Recent healthcare legislation has made treatment is more easily available to those who need it. In a recent Forbes article, Rachel E. Barkow and David B. Edwards say that of the 20 million American substance abusers, a little over 10% are getting treatment. By improving access to treatment, assuring treatment providers are paid on par with physical health counterparts, and policing treatment quality, the country is on track to improve that ratio.
A number of years ago, I read somewhere that 85% of prisoners in the California prison system were residents either because their crime was alcohol/drug related or they were high while doing the crime. Other than offering proof that sober criminals are better criminals, this anecdotal information asserts that crime and alcohol/drug abuse are related. Making it easier to get treatment can lower crime. Currently, over 25% of the 6.5 million people on prole, probation or supervised release are using illicit drugs according to Forbes. That in itself is a crime, and sets up the neighborhood for burglaries and such.
This makes me a bit nervous. I also think that number may be a bit low, but that’s another story.
We’ve known alcohol/drug abuse and crime are related for centuries, and we’ve started doing something about it. It’s not just a few cops on the street who notice the drop in crime when treatment is available. It’s people like you and me. Reports nationwide show drops in crime with increased access to treatment. The National Treatment Improvement Evaluation Study (a big one) showed a 64% drop in arrests and a 78% drop in drug sales. Holy cow! That’s cleaning up the neighborhood!
Since the proof is so overwhelming, you’d think opposition to supporting treatment in the neighborhood would disappear. Not so. I recently wrote about the insurance empire fighting Mental Health Parity, wherein these treatment centers (which are helping to lower crime) would be paid on-par with physical health providers. It seems that no matter how good an outocme may be, there will be those whose income is affected negatively, and they will fight for the money.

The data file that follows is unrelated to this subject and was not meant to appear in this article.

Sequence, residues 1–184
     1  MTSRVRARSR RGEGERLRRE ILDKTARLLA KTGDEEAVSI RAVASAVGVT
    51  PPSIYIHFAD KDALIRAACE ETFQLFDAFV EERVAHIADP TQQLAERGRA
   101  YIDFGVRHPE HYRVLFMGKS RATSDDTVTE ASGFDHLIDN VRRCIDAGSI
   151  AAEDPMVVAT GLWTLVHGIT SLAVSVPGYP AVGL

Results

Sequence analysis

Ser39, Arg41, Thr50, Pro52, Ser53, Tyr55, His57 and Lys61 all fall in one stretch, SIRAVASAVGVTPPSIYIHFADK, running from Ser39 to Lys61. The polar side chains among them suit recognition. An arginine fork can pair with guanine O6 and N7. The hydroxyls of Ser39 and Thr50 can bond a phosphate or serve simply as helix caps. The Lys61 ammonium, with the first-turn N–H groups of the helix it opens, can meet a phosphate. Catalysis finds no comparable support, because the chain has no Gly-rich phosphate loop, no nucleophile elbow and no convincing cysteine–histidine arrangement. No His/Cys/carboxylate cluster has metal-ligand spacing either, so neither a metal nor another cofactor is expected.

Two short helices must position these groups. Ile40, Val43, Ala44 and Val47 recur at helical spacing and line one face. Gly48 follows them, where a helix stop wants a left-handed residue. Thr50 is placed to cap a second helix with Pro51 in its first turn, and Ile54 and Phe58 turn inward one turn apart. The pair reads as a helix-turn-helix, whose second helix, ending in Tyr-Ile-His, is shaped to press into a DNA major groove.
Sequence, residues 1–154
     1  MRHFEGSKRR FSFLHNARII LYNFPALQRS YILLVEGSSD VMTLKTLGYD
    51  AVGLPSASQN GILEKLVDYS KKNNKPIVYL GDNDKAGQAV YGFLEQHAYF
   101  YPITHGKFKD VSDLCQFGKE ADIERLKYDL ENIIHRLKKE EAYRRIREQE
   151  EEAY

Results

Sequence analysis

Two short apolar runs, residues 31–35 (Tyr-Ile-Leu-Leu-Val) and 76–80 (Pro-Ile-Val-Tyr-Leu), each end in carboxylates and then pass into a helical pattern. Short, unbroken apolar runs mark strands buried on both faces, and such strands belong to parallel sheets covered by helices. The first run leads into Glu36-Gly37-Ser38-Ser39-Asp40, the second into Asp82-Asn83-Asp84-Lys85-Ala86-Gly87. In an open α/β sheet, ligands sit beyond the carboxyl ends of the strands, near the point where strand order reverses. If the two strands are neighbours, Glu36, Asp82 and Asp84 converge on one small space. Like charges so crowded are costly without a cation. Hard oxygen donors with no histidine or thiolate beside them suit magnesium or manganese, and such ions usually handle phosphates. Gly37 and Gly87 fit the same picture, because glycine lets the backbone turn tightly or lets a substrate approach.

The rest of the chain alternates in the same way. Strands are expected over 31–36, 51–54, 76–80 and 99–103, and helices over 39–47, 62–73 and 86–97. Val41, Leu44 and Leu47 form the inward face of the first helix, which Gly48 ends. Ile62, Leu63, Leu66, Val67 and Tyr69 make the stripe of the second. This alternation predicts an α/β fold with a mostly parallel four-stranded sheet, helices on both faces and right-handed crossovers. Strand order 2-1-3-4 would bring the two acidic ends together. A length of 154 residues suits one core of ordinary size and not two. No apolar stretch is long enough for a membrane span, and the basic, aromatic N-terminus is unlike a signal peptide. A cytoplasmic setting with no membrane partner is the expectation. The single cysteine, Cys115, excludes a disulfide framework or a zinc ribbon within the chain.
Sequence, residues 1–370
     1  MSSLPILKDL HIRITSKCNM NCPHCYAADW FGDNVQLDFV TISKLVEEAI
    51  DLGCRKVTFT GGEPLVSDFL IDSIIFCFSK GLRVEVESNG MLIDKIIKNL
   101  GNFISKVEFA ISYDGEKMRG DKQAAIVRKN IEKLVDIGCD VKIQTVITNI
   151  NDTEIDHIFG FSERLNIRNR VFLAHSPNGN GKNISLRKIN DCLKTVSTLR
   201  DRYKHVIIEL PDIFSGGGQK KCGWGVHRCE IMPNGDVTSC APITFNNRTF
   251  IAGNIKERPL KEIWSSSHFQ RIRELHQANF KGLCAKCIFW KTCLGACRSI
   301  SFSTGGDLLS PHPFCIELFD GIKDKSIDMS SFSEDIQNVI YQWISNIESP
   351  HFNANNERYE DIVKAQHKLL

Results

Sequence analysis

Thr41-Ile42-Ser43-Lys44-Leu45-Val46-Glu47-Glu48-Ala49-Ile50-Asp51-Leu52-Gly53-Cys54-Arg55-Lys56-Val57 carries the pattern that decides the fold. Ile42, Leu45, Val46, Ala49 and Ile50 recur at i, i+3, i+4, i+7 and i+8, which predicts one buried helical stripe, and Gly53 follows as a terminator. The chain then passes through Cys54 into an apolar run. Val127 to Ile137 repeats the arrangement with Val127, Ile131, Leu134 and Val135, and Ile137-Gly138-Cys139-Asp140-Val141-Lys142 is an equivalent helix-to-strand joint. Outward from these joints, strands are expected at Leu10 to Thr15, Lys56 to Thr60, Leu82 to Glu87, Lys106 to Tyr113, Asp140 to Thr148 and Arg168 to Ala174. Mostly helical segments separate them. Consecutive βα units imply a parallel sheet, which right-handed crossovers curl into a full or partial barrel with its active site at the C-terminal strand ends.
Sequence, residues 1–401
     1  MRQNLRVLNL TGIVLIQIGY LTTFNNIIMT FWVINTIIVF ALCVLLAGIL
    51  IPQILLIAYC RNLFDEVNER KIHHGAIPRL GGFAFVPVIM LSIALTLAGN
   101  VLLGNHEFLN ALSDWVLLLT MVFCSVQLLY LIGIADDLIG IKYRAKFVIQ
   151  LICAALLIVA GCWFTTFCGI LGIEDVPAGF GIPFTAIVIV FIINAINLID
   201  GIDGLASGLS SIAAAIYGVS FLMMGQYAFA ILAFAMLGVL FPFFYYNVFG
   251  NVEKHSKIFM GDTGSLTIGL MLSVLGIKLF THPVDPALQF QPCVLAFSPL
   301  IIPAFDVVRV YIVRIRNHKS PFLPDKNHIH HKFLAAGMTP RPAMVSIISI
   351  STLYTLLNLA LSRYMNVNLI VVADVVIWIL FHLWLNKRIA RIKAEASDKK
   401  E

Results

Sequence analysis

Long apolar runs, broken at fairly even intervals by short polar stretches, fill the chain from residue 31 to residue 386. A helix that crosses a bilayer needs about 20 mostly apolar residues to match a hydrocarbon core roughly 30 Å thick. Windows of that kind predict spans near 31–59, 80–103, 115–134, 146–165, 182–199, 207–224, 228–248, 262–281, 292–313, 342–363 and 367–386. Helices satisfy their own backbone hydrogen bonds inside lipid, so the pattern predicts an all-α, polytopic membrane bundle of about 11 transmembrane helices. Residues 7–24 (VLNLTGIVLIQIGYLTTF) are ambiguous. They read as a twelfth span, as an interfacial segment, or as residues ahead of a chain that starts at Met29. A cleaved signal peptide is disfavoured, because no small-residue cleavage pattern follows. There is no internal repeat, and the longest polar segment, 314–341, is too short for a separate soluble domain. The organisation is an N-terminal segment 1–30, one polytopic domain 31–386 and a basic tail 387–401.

The fact is, I haven’t been robbed lately. There are a number of addictions and mental health treatment centers in the neighborhood. They are in jeopardy, however they’re solving their problems, in part due to improvements to the healthcare system. A drop in crime is a good thing.Read more →
It’s tougher today for a lawyer to get clean and sober in Louisiana.
That statement comes from a very common story in our world today, this time played out in the halls of justice. It seems this lawyer and crack cocaine user, John Clegg, lost his job over his problem with that substance: He tested positive for the drug twice after completing rehab. That’s not unusual, nothing special. People lose their jobs if they have drug problems and fail to get recovery quickly enough. What can I say, John? It takes what it takes, I hope this is your bottom and you get clean and sober.
The problem in this story was one of confidentiality. A friend of mine who works for The National Law Journal pointed out the story to me, and upon reading it, I became distressed that the Legal Assistance Program has been compromised. The court cut the legs from underneath this helping organization by saying it’s OK for a firm to report a lawyer to disciplinary authorities even if the substance abuser is trying to get help. John was enrolled in the Lawyer’s Assistance Program, had gone to rehab, and was doing the best he could and sometimes people in recovery relapse, in his case, two relapses were reported.
A person with the disease of addiction sometimes has no choice but to chase his drug. The cravings can get that bad. It’s said that alcoholism is an allergy to alcohol, accompanied by an irresistible compulsion to drink. A lot of folks in recovery and in addictions treatment feel it’s the same for drug users. They say a drug is a drug, is a drug, asserting alcohol and crack cocaine are different vehicles to get to the same place: out of the addict’s own skin.